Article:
The train doesn’t slow down coming out on the other side and, bar a brief stop at Calais, speeds on to Lille and then Brussels Midi/Zuid station.
From December 2016, Eurostar will run direct services from London to Amsterdam via Rotterdam and Brussels. However, I had to change trains at Brussels. This was probably the most frustrating element, adding an extra hour to my journey time.
Changing trains at Brussels station is easy. Large signs ahead point to Thalys – the high-speed train I was going to take – and other connecting rail services. The Eurostar platform is physically separated from the rest of the station, so you have a short walk followed by some escalators before you arrive in the main concourse.
Most stations in Belgium and the Netherlands are built on two levels, with shops and facilities underneath and the rail platforms directly above. You don’t need to check in for a Thalys train – I just followed signs to the area where the Thalys trains generally depart and waited until my platform was called. There’s a desk here where you can ask questions, but I didn’t have any.
These trains are very much like the Eurostar, based on similar TGV rolling stock, except that everything is red instead of grey. I had another comfortable aisle seat and enough space to work. Wi-Fi internet is completely free on Thalys trains, even in standard class.
For another two hours, more scenery sped past. Something tricky comes up at the office, and I end up spending about 20 minutes on the phone. All coaches on Thalys are ‘quiet coaches’ – so you’re expected to go to the large and slightly soundproof vestibule area.
First class passengers can enjoy a dedicated meeting room space at the end of the first class carriage, but instead I could wander around the bar. You can buy espresso and drink it at a standing table while you watch as another international border goes by.
Finally, I arrive at Amsterdam Centraal. I’m not very tired, but nowhere near as rested as I was after my journey by boat. On the other hand, I had a clear 6-7 hours of working time, my seat was much more comfortable than on an airline.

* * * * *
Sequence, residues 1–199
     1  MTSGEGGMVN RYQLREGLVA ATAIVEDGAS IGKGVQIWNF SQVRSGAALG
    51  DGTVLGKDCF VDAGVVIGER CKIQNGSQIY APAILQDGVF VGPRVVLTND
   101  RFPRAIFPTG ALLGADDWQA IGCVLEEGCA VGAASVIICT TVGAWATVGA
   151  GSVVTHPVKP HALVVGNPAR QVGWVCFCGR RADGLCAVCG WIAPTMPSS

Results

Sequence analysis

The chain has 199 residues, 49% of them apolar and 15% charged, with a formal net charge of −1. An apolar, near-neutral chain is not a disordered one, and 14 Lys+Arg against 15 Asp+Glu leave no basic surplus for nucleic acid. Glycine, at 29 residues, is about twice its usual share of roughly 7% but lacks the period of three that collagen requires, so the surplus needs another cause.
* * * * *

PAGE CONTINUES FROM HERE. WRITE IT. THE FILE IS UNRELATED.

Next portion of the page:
Total journey time: 10 hours
Total cost: £200 per person
- Very comfortable
- Quicker than the boat
- Much easier to work than on a plane
- Most expensive option (currently)
- Changing trains at Brussels wastes about an hour each way (though this will be resolved from December 2016)
Taking a flight is sometimes still going to the be the best option, but I enjoyed experimenting with other routes. Taking a plane isn’t very restful, and it’s hard to work in economy class. By comparison, either of the routes I took gave me plenty of space and time to work.
I looked at these options for just one route, but it’s clear to me that the choices are not as clear cut as I had expected:
|Travel to/from city centre (return)||£16.50||£48||£0|
|Main transport per person (return)||£140||£120 – one person
£60 – two people sharing one platform
|Includes||1x hold suitcase
1x hand luggage
Free Wi-Fi in café/lounge areas
|2 x suitcases
1 x hand luggage
Free Wi-Fi on Thalys trains
|Total travel time (each way)||3h||17h overnight||10h|
|Total cost (return)||£157.50||£108-168||£200|
|Emissions (return) kg CO2e||220||32||60|
Calculations based upon: Flight – Average quote for budget flights quoted 1-2 months in advance, traveling to the airport by tram and to Amsterdam Centraal by train including hold luggage supplement. Ferry – Inside cabin booked 1-2 months in advance, taking advance booked train tickets to Newcastle and bus and train to Amsterdam Centraal. Train – Cost of KeyTravel booked trains from Edinburgh Waverly to Amsterdam Centraal by East Coast, Eurostar and Thalys trains. Accurate as of 31 March 2016. Emissions calculated using 2015 DEFRA-DECC carbon factors.
Ultimately, my preference for future journeys to the Netherlands would be the ferry – not that I have any more planned. Leaving in the afternoon and arriving the following morning actually cut out the smallest amount of working time from my day. If more than one person is travelling, it’s also cheaper than a flight.
Travelling while asleep is a more efficient use of time, and I found the ability to stretch my legs and walk to a restaurant for dinner much more pleasant than sitting down for an extended period on the train or aeroplane.